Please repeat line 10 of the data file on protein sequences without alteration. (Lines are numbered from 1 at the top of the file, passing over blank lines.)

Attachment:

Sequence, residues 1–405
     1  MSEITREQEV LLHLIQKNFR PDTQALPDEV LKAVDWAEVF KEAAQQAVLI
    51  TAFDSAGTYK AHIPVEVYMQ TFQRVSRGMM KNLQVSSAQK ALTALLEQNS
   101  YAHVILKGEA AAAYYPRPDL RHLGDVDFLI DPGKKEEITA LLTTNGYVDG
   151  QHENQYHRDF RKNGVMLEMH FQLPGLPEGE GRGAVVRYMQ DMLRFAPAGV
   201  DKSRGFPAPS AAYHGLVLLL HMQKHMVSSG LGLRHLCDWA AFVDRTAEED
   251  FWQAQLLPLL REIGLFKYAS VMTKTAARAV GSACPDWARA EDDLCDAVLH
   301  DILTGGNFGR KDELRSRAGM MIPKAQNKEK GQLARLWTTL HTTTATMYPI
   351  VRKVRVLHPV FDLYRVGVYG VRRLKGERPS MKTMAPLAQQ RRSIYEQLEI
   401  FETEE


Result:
   401  FETEE